Let's play a word association game. When I mention diamond, do you see an engagement ring, a red carpet, 47th Street, Tiffany & Co., or Lil Uzi's forehead? Diamonds are the most popular diamond in the world, a highly sought after luxury item that represents tremendous riches and elegance. Diamonds were formerly prestige symbols for kings and ultra-rich adornments, but they are now referenced in every corner of the pop cultural hemisphere.
Our current commercialization of diamonds is the result of a DeBeers advertising effort that transformed the way the public consumed the valuable stones. The campaign, which was probably one of the most successful public relations stunts in history, gave rise to the engagement ring and, with it, an inextricable link between diamonds and romance: diamonds became a symbol of love.
According to the website Historical Royal Palaces, "As part of the Treaty of Lahore, the East India Company stole the gem from ousted Maharaja Duleep Singh in 1849. The contract required the gem to be returned to Queen Victoria." To "conform to modern European sensibilities," the diamond was removed from its original setting and recut into an oval. For nearly 150 years, it has been a contentious portion of England's Crown Jewels.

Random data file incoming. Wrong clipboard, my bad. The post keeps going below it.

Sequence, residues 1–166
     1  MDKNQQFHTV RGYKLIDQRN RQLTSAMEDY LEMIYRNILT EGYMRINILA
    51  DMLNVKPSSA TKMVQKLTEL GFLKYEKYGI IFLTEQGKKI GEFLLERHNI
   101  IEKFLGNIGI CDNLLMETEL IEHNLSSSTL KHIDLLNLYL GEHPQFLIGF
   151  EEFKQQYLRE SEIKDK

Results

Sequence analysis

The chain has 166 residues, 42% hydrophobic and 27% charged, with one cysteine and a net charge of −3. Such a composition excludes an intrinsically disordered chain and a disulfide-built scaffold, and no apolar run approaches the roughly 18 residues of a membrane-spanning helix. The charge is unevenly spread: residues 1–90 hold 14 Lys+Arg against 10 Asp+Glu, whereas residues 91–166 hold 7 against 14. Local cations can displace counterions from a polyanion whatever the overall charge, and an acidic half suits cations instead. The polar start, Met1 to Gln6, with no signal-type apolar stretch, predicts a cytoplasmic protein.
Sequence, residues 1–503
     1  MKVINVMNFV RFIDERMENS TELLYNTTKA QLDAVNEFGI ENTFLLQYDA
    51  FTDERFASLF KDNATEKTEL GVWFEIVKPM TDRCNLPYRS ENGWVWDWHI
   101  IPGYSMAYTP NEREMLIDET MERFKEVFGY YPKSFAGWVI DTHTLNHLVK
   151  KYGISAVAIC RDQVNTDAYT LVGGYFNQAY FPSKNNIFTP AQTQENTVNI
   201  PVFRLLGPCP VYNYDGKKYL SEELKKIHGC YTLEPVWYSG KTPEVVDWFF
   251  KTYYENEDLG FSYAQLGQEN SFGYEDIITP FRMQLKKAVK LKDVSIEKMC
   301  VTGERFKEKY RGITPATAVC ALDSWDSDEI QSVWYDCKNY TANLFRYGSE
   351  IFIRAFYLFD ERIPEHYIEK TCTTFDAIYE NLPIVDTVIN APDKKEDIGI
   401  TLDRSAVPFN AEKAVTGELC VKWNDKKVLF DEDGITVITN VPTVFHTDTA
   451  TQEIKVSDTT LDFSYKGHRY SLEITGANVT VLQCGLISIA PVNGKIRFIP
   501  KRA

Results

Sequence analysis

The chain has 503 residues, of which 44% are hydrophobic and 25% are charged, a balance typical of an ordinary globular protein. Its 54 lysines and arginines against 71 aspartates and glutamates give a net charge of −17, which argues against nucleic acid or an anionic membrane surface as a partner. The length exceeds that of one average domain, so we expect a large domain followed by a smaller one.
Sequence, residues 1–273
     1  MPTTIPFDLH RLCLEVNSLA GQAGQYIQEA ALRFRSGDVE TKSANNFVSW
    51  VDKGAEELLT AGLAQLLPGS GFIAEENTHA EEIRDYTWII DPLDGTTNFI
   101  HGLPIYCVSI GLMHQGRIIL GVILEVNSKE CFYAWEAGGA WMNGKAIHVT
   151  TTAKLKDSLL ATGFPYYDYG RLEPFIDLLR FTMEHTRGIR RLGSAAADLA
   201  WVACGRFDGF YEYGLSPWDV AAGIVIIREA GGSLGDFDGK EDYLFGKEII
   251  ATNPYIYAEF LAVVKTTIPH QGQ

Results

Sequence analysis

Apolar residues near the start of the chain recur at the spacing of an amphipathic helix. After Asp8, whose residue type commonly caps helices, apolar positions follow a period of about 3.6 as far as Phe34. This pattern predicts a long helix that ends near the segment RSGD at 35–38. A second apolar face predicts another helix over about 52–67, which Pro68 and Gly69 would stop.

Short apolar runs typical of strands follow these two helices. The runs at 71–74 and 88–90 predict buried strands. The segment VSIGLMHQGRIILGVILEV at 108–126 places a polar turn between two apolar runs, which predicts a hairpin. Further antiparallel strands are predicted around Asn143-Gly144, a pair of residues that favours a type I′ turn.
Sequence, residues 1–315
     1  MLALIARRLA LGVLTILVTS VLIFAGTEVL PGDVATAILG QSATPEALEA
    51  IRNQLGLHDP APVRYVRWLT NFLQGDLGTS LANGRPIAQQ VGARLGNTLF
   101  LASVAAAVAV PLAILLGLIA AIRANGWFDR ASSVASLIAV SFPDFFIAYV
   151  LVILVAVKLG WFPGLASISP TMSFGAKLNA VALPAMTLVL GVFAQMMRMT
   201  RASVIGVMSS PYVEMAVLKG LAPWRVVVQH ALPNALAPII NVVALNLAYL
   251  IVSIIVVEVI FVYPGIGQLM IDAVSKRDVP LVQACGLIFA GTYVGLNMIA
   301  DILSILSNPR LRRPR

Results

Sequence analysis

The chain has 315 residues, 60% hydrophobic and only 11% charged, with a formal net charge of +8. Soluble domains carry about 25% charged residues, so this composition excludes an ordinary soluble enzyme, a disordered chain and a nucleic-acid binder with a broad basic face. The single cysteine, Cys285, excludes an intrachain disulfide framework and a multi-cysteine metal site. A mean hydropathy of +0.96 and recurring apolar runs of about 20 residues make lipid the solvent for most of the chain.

To far, the jewellery industry's most contentious division and most significant disruptor to the existing order has been lab-grown diamonds vs mined diamonds. Scientists can now create gemstones in the lab that are structurally comparable to natural diamonds. It wasn't until 2016 that lab-grown diamonds became commercially viable, thanks to technologies that replicated how mined diamonds grew underground.
With technological breakthroughs now making it possible to produce jewelry-quality diamonds, the $84 billion "natural" diamond business has reacted with a reaction against what it regards as a growing threat to mined stones.
Regardless of which side of the debate you take, lab-grown gemstones are structurally, chemically, and physically identical to their "natural" counterpart; like mined stones, they are certified by the Gemological Institute of America and are virtually undetectable as lab grown unless specialised equipment is used to identify minute differences.